Dennis Chávez: The First Hispanic US Senator / El primer senador hispano de los Estados Unidos
This informative, bilingual non-fiction book for intermediate readers tells the fascinating story of the first Hispanic US Senator.
by Cissie Coy
Publication date: October 31, 2017
Imprint: Piñata Books
Dennis Chávez was born in the small farming community of Los Chávez in 1888 in what was then the Territory of New Mexico. His childhood home had dirt floors and no indoor plumbing. As a boy, he tended his father’s crops and sheep. He spoke only Spanish and never went to high school or college.
This bilingual “flip” book for intermediate readers recounts the inspiring story of Dennis Chávez, who in spite of having to drop out of school in the seventh grade to get a job to help his family, went on to graduate from Georgetown Law School in Washington, DC, and represent New Mexico in the US Senate for twenty-seven years.
Dennis Chávez saw and experienced injustice from an early age. When he refused to deliver groceries to railroad strike breakers, he lost his first job. This first-hand involvement with labor conflicts fanned his interest in both law and government, and throughout his long career he consistently supported workers, minorities and regular people. He fought against the “whites only” practices that were rampant in the South, introducing legislation to ban discrimination in hiring, saying “Either we are all free, or we fail; democracy must belong to all of us.” Holding strong to his beliefs of fairness and justice, he spoke out against McCarthyism on the Senate floor. Senate seniority gave Chávez powerful responsibility over the US budget for military defense and public works projects such as the remaking of the nation’s highways.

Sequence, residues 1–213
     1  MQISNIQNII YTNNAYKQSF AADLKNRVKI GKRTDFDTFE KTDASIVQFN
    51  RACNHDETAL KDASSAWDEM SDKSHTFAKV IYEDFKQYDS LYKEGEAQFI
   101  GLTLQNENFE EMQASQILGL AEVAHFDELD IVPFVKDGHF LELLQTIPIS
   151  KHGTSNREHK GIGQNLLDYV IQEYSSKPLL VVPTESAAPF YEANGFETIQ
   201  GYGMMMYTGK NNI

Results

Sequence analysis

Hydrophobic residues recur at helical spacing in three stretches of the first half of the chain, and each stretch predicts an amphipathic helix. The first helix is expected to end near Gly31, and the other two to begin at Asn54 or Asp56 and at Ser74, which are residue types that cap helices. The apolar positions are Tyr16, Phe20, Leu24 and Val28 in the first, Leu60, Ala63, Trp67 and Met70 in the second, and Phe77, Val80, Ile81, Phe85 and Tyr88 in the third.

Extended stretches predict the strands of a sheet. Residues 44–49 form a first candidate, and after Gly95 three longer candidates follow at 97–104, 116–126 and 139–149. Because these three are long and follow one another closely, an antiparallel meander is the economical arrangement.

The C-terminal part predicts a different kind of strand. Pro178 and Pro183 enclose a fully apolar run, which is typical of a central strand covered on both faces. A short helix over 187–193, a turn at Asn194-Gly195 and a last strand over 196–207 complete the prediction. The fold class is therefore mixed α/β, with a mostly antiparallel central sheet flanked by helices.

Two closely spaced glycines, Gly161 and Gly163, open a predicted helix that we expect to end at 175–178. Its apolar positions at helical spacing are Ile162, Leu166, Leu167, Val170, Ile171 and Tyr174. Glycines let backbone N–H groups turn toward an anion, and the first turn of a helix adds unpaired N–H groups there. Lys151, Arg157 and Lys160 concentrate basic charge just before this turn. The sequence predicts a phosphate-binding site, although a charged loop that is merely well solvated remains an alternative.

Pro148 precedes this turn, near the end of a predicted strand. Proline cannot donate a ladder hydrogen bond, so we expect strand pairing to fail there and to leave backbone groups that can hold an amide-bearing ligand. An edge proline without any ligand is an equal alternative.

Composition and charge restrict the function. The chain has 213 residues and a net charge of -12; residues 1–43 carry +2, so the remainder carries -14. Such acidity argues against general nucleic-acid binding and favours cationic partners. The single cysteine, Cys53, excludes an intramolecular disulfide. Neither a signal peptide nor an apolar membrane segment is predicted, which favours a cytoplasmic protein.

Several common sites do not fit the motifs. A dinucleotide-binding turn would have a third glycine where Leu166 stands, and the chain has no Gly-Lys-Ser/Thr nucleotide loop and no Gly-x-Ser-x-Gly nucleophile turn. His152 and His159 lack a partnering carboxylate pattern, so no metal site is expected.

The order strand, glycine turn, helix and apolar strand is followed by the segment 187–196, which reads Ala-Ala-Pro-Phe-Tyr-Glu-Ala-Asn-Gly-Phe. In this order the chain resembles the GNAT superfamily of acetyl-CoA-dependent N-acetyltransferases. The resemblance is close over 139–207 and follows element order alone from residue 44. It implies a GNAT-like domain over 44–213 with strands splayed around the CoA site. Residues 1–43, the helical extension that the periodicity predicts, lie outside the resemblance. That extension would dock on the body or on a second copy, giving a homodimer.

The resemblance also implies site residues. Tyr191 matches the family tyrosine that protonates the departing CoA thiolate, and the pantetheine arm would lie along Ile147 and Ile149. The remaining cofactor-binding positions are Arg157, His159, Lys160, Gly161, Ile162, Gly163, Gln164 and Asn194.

Spanning American history from 1888-1962—from the frontier where Indian raids were still common to the country’s power-filled corridors in Washington, DC—this book written by his granddaughter will give young readers an eye-opening look at the difficulties faced by non-whites and the intolerance that was common as recently as the latter half of the twentieth century and is still an issue today.